Effective continuous integration (CI) is a core requirement for any successful development team. Because CI is not a front-line service, it often gets run on mid-tier or surplus hardware. Adding builds for pull requests, automated deployments, acceptance tests, content uploads, and a host of other tasks can quickly overwhelm the resources of the build machine — especially close to launch, when there are a lot of commits and deployment activity.
In this article, we will construct a distributed build system using Docker to create and run our Jenkins images and Rancher to orchestrate our Docker cluster. Jenkins is one of the most prominent open-source CI solutions. Docker automates application deployment within software containers, and Rancher provides a complete platform for managing Docker in production.
This article covers an exclusively cloud-based Jenkins deployment. However, an alternative is to use an in-house Jenkins master with cloud servers to provide overflow capacity when more resources are needed. This is where Docker and Rancher really shine: Docker provides us almost identical deployment environments on any node and Rancher lets us combine nodes from various cloud providers or in-house servers into a single cluster running over its own VPN. By the end of this tutorial, you should be able to easily set up a Dockerized Jenkins deployment with an arbitrary number of slaves.
This tutorial will use a total of three Droplets: one for a Rancher server, one for a Rancher compute node running the Jenkins master, and one for a second Rancher compute node running the Jenkins slave.
We’ll refer to the IP addresses of these Droplets with
your_jenkins_slave_ip respectively; wherever you see these variables in this tutorial, replace them with the appropriate IP address.
Initially, we will create one Droplet for the Rancher server; creation of the two compute nodes will be covered in a later step. So, to begin this tutorial, you will need:
You can find the Docker 1.5.0 image option on the Droplet creation page, in the Applications tab under Select Image. This Droplet will also requires custom user data. To add this, click Enable User Data in the Available Settings section, and enter the script below in the text box that appears. This script tells the Droplet to run a Rancher server upon start-up.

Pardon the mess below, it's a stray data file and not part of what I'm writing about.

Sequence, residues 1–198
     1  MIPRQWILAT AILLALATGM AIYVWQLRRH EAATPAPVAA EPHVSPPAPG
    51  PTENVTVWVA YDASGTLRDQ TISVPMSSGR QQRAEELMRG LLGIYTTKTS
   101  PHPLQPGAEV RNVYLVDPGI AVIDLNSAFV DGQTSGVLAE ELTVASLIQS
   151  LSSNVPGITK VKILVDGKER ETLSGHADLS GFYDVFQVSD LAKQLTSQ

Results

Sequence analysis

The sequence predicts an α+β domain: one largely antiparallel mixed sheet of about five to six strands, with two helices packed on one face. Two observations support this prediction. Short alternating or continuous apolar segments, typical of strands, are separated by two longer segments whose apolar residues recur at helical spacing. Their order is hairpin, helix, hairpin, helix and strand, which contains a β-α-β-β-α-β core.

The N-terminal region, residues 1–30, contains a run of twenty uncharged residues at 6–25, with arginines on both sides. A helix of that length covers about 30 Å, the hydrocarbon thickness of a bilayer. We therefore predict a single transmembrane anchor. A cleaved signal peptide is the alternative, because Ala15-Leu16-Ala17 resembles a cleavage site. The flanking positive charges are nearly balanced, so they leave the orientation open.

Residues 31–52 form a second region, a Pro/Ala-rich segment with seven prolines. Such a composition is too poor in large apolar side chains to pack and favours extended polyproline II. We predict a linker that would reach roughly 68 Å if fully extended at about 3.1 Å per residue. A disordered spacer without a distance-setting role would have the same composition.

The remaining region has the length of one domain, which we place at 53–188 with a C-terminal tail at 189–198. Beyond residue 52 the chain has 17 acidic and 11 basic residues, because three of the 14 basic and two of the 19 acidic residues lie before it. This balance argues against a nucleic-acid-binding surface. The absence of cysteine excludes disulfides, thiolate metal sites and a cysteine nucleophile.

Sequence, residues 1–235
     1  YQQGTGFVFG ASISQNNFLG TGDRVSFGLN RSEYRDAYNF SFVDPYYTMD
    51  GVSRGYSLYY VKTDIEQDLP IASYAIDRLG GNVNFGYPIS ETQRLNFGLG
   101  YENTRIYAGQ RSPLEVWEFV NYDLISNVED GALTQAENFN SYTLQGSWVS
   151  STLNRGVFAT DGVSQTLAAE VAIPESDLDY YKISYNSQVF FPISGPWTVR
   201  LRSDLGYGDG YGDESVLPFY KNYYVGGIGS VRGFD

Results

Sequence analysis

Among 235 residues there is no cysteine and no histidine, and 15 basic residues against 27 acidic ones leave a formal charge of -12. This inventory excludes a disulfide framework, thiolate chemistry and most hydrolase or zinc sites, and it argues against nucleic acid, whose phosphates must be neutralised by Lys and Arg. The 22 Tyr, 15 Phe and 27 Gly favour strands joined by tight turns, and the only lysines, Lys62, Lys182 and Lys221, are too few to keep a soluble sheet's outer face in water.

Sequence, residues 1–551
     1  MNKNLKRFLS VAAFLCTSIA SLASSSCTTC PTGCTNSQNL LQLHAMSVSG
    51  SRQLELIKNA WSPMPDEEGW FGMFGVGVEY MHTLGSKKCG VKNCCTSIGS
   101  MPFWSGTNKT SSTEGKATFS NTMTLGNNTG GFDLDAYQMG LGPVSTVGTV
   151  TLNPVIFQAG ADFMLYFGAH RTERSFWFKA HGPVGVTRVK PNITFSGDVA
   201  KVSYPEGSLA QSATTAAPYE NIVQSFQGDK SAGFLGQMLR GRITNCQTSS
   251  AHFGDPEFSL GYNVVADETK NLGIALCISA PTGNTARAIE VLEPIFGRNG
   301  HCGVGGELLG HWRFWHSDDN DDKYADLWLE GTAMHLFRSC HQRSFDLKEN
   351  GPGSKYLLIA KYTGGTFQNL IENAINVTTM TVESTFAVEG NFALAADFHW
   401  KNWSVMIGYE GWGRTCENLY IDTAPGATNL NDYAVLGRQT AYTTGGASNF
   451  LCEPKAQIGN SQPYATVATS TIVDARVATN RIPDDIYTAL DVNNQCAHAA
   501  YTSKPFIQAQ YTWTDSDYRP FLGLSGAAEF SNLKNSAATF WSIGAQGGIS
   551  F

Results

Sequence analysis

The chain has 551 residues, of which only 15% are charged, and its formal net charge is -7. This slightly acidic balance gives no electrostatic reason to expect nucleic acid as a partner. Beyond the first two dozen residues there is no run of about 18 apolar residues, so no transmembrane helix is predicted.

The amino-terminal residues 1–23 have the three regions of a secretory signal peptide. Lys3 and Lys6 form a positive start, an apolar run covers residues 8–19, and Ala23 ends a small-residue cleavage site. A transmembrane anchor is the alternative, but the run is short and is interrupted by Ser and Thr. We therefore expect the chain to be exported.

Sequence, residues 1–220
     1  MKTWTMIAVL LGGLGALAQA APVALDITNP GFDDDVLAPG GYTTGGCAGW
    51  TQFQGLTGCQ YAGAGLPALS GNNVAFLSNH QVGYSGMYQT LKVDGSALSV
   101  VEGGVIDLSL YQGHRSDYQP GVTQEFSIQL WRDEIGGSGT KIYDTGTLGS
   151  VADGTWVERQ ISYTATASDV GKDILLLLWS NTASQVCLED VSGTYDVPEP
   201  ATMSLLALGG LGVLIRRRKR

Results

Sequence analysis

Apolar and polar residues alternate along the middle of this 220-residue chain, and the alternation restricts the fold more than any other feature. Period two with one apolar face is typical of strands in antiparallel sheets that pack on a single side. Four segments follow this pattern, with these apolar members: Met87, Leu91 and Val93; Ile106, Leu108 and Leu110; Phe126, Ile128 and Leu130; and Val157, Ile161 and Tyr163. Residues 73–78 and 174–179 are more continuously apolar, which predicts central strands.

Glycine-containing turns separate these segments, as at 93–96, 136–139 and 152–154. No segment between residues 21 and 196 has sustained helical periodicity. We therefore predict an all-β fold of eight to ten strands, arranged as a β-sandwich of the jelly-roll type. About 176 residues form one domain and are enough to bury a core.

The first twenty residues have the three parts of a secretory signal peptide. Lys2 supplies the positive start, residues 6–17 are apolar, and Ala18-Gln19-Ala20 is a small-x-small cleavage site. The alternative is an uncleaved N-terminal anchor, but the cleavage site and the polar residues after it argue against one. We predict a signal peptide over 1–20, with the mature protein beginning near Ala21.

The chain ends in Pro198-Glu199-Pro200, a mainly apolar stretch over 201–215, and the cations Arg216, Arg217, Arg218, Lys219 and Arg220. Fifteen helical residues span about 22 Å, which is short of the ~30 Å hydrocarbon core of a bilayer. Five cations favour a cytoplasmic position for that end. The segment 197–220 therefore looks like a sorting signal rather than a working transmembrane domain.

#!/bin/bash docker run -d --name rancher-server -p 8080:8080 rancher/server
Once your Rancher server is created, after a moment you’ll be able to access its UI through a browser pointed to
http://your_rancher_server_ip:8080/. Because the Rancher server is open to the Internet, it’s a good idea to set up authentication. In this step, we will set up Github OAuth based authentication, which is what Rancher currently supports.
You will see a warning in the top right corner which says Access Control is not configured followed by a link to Settings. Click Settings and follow the instructions given there to register a new Application with Github, and copy the Client ID and Secret into the respective text fields.
When you finish, click Authenticate with Github, then Authorize application in the window that pops up. Once you do, the page will reload, and the instructions on setting up OAuth will be replaced by the Configure Authorization section. Add any additional users and organizations that should be given access to Rancher. If you make any changes, a button that reads Save authorization configuration will appear. Click it when you’re done.
Once you save the authorization configuration, the warning in the top right corner should be replaced by your Github profile image and a project selection menu (which says Default initially). Click Default to open the project selection menu, then click Manage Projects, and finally Create a project. Add a project called Jenkins, then use the project selection menu again to select the Jenkins project.
This will help keep your Rancher interface uncluttered by keeping the various projects you run on Rancher isolated. You can create additional projects (which require additional compute nodes) if you want to run other services in addition to Jenkins on the same Rancher cluster. Also note that the Default project is specific to the logged in user, so if you intend to give multiple people access to your Rancher agents, you should not use the default project.
Now that the server and authentication are set up, we can register some compute nodes to run our Jenkins deployments on.
Note: Prior to authentication, Rancher compute nodes can be registered without providing a registration token. However, because we have enabled authentication, all agents must provide a registration token to be added to the cluster.